Postprandial hypotension is an excessive decrease in blood pressure that occurs after a meal.
Postprandial hypotension occurs in up to one third of older people but virtually never occurs in younger people. It is more likely to occur in people who have high blood pressure or disorders that impair the brain centers controlling the autonomic nervous system (which regulates internal body processes). Examples of such disorders are Parkinson disease, multiple system atrophy (Shy-Drager syndrome), and diabetes.
The intestine requires a large amount of blood for digestion. When blood flows to the intestine after a meal, the heart rate increases and blood vessels in other parts of the body constrict to help maintain blood pressure. However, in some older people, such mechanisms may be inadequate. Blood flows normally to the intestine, but the heart rate does not increase adequately and blood vessels do not constrict enough to maintain blood pressure. As a result, blood pressure falls.
Postprandial hypotension can cause dizziness, light-headedness, faintness, and falls. If an older person experiences these symptoms after eating, doctors measure blood pressure before and after meals to determine if postprandial hypotension is the cause.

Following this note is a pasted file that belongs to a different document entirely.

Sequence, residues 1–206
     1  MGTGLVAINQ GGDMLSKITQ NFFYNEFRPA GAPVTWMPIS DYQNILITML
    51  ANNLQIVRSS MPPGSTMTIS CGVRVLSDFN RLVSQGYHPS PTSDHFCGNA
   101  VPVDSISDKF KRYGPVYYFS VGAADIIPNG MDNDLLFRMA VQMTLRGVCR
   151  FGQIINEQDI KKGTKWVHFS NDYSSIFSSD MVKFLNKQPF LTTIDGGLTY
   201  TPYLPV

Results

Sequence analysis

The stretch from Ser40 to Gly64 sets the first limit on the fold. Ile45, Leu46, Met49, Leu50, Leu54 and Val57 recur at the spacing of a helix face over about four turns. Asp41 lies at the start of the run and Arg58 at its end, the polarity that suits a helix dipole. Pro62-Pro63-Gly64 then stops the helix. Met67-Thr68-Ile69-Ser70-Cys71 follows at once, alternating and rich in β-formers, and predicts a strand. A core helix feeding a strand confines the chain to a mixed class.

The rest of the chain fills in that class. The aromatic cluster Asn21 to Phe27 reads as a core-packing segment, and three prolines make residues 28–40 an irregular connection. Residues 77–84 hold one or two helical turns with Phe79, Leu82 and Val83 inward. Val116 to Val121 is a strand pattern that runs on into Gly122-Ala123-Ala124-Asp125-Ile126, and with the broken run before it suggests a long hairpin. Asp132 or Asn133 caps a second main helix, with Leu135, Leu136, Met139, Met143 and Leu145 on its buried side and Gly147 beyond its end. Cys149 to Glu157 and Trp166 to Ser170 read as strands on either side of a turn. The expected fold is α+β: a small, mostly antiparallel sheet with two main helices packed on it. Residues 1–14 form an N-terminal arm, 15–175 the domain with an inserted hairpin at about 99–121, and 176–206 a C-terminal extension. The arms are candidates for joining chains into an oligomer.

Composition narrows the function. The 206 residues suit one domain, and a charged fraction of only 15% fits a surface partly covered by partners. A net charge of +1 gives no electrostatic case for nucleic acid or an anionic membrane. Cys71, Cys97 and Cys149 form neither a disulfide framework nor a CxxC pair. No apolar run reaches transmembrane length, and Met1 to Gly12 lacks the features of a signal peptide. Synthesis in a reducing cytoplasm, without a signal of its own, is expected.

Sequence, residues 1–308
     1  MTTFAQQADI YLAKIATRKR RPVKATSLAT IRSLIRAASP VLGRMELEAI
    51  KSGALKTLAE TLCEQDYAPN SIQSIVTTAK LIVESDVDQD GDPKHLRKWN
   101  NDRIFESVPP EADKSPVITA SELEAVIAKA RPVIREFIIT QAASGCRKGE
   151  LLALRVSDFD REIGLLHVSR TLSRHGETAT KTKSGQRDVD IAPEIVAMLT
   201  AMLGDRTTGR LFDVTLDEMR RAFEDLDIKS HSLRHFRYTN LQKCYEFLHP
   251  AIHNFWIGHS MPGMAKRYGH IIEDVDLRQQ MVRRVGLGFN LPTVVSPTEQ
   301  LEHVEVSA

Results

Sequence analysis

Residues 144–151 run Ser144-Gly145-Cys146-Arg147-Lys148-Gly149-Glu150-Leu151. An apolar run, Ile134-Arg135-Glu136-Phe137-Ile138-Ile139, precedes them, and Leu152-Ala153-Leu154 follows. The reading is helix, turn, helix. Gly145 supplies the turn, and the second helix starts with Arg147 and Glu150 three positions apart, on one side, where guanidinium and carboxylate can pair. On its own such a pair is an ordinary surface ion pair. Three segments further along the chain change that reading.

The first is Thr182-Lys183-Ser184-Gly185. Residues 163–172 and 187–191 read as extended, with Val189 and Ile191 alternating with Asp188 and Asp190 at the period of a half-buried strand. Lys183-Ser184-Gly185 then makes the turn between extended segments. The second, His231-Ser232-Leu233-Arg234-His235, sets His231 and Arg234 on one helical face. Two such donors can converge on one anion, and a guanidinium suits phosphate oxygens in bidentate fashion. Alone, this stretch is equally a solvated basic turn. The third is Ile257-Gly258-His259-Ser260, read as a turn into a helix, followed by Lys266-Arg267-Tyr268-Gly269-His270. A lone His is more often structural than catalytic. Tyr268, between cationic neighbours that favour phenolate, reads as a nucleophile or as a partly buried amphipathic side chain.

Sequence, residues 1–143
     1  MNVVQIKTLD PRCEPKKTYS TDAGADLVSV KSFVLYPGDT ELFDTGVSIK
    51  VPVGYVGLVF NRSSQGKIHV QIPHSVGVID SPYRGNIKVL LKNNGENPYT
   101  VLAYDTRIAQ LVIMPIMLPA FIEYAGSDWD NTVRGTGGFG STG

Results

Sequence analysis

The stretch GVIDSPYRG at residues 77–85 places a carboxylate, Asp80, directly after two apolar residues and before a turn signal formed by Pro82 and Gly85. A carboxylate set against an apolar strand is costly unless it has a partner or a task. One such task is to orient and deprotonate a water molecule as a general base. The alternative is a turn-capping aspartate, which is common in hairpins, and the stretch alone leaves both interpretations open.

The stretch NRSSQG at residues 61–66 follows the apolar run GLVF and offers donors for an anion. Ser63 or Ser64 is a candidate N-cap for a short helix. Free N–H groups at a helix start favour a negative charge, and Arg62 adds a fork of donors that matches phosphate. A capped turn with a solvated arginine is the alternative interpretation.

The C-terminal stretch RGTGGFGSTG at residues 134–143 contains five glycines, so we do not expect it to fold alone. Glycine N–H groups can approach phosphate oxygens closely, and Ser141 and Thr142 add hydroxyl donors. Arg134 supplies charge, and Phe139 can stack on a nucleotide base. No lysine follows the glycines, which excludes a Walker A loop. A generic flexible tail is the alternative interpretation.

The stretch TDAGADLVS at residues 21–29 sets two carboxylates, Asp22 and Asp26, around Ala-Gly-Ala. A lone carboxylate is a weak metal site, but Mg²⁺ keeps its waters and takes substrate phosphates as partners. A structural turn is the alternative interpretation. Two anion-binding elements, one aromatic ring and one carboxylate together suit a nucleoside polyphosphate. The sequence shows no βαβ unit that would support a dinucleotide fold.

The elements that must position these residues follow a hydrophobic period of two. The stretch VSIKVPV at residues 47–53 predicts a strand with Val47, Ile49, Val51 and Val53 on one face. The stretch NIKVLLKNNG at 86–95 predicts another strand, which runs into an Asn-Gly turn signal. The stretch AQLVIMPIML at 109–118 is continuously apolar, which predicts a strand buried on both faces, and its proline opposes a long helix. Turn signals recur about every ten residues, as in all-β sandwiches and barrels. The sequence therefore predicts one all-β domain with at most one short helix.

People who have symptoms of postprandial hypotension should not take antihypertensive drugs before meals and should lie down after meals. Taking a smaller dose of the antihypertensive drugs and eating small, low-carbohydrate meals more frequently may help reduce the effects of this disorder. For some people, walking after a meal helps improve blood flow, but blood pressure may fall when they stop walking.
Taking certain drugs before a meal may help. For example, nonsteroidal anti-inflammatory drugs (NSAIDs) cause salt to be retained and thus increase blood volume. Caffeine causes blood vessels to constrict. Caffeine should be taken only before breakfast so that sleep is not affected and the person does not become tolerant of caffeine's effects. For people who have severe symptoms that do not respond to other measures and who are in the hospital, injections of the drug octreotide may help by reducing the amount of blood flowing to the intestine.
Last full review/revision October 2012 by Lyall A. J. Higginson, MD